The last two female Marines hoping to make their way through the Marine Corps' Infantry Officer Course as part of an experiment to integrate the program washed out on April 2, ending the research phase of the project.

The two were cut during the physically and academically demanding Combat Endurance Test, along with 81 of the 90 male Marines who applied for the program, Marine Corps Times reported April 8.

Female Marine officers who sought entry to IOC were not expected to meet the same physical fitness screening standards as male Marines, but they were required to match male performance in the course, Marine Corps spokeswoman Capt. Maureen Krebs told Military.com in November.

The 13-week school historically averages a 25-percent attrition rate.

During the first day's grueling Combat Endurance Test, Marines wear combat gear, perform various physical tasks and answer tactical questions while negotiating a land-navigation course, Krebs said.

The experiment began more than two years ago as part of a broader look at the possibility of opening ground combat specialties to women. Since then, 29 women volunteered for IOC at Quantico, Krebs said Friday.

Of the first group of 10 to volunteer for the course, nine failed to make it through the first day. The remaining female Marine dropped out a week later after being injured on the course.

Last October, three of the seven female volunteers made it through the Combat Endurance Test. Two of those who passed were captains. However, none of the women completed the program.

Of the two who washed out in April, one was a volunteer and the other was sent as a member of the Corp's recently integrated ground intelligence track. Though the IOC door has now closed for volunteers, women applying for ground intelligence officer slots will have to pass the program in order to attain that specialty, just like any male Marine would, Krebs said.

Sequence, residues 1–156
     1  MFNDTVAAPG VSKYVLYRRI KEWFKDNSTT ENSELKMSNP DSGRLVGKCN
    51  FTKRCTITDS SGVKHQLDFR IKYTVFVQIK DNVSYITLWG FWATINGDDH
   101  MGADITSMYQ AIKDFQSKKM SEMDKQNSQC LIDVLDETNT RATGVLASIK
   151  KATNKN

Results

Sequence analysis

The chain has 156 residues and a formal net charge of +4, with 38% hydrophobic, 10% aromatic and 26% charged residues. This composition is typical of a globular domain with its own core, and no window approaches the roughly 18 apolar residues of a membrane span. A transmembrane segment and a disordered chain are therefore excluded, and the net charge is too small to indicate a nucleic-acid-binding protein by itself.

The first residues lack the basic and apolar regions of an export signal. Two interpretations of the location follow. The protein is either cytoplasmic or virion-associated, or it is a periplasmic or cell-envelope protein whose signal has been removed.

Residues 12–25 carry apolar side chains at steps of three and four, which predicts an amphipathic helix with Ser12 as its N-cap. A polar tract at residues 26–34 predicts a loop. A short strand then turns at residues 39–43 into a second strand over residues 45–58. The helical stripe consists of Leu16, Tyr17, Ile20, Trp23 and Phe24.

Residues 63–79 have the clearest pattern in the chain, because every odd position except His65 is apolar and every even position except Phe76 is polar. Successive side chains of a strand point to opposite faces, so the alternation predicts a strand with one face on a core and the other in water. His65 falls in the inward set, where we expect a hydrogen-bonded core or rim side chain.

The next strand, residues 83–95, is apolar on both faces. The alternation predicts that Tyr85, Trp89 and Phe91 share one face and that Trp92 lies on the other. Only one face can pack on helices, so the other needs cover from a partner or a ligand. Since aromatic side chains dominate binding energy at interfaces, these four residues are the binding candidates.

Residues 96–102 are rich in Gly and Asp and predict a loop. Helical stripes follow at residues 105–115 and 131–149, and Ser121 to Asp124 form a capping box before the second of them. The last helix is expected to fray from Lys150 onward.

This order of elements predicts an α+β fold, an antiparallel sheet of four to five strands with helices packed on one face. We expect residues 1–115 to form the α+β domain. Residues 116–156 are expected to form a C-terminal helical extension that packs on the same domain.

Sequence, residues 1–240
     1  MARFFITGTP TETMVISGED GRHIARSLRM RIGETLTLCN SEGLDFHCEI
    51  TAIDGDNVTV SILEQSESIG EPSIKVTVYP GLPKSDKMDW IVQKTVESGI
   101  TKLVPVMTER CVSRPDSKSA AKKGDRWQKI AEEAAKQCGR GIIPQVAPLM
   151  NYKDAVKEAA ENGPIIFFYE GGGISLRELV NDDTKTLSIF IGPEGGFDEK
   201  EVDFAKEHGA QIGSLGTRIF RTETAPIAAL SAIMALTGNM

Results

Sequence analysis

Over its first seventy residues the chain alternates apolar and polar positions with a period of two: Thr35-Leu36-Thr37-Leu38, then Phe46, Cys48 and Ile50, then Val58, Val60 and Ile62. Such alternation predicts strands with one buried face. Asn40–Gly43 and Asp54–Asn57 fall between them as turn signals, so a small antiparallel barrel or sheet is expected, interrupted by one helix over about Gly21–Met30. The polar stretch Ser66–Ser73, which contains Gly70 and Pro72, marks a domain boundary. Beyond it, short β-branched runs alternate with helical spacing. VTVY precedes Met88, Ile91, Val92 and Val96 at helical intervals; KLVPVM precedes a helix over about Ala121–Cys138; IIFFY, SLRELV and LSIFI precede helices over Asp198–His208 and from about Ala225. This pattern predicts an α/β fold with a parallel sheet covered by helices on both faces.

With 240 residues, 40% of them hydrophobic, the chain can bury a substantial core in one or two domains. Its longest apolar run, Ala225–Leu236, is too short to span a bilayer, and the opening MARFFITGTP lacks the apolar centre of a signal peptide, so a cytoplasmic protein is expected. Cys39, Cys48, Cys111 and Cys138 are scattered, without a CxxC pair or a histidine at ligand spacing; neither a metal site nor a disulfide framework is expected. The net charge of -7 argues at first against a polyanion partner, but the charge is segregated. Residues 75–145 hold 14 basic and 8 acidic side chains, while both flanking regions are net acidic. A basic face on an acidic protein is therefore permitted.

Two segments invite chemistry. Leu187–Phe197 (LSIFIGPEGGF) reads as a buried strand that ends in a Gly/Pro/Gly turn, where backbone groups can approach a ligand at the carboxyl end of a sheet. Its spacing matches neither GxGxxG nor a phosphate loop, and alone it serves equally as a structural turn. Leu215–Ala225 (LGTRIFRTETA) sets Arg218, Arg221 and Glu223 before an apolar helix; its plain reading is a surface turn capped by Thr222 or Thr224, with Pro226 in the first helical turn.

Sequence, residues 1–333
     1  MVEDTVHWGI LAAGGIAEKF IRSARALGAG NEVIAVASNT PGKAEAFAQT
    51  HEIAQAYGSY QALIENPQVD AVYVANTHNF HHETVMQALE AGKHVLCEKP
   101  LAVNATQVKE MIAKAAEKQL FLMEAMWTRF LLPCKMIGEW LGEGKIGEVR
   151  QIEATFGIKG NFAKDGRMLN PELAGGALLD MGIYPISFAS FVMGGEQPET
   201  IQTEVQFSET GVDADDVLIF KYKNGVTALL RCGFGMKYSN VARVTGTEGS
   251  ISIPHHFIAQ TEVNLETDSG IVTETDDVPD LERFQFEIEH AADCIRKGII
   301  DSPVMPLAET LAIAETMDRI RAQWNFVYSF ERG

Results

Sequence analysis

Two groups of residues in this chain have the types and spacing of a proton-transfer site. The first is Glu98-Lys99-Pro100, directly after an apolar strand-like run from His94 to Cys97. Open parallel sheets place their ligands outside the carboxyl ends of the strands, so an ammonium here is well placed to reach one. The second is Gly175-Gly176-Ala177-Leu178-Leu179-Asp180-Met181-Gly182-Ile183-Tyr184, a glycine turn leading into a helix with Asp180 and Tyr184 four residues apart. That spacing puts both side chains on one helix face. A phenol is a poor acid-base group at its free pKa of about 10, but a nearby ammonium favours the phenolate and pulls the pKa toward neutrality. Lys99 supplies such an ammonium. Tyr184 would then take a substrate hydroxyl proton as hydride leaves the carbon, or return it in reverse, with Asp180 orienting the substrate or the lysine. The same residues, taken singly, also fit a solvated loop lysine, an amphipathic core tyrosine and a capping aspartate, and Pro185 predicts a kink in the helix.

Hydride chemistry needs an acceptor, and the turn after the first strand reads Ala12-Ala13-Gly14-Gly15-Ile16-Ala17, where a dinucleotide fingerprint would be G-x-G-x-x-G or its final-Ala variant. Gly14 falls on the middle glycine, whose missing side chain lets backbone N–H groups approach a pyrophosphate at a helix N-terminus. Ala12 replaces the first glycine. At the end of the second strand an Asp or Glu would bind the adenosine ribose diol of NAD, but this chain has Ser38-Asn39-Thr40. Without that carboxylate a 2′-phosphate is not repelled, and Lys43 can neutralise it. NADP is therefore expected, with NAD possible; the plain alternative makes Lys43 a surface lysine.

The Corps opened the ground intelligence officer specialty to female Marines in July 2013.

Data from the experiment will be compiled and analyzed. Marine Corps Commandant Gen. Joseph Dunford will use the analysis to issue a recommendation to Defense Secretary Ashton Carter on how the Corps intends to open up certain combat-arms jobs to women in 2016.

The Corps will also be studying the results of the gender-integration experiment at the Infantry Training Battalion course at Camp Lejeune, North Carolina, where enlisted female Marines have had greater success.

As of February, 122 of the 358 women who entered the course graduated. Women, however, who successfully completed the program were not awarded the infantry military occupational specialty, Krebs said.

The Corps will also consider data gleaned from the Ground Combat Element Integrated Task Force it established last May to research integrating women into combat jobs. The task force is modeled along the lines of a battalion landing team. Women volunteers are trained in ground combat arms skills and integrated into combat units, with a research team observing performance.

-- Bryant Jordan can be reached at bryant.jordan@military.com